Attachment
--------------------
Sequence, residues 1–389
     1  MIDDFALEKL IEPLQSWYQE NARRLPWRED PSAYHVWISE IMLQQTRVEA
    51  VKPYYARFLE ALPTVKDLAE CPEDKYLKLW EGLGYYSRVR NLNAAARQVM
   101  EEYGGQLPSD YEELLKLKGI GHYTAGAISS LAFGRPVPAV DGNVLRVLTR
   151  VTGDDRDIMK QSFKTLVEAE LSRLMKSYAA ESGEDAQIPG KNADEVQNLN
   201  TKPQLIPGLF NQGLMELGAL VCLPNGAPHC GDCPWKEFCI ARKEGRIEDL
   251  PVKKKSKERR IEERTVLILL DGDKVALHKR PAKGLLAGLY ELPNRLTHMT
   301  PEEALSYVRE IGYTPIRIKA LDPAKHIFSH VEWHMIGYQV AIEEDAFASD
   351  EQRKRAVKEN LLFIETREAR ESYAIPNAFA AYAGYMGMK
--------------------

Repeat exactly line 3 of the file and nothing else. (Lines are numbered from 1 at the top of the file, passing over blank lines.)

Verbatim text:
    51  VKPYYARFLE ALPTVKDLAE CPEDKYLKLW EGLGYYSRVR NLNAAARQVM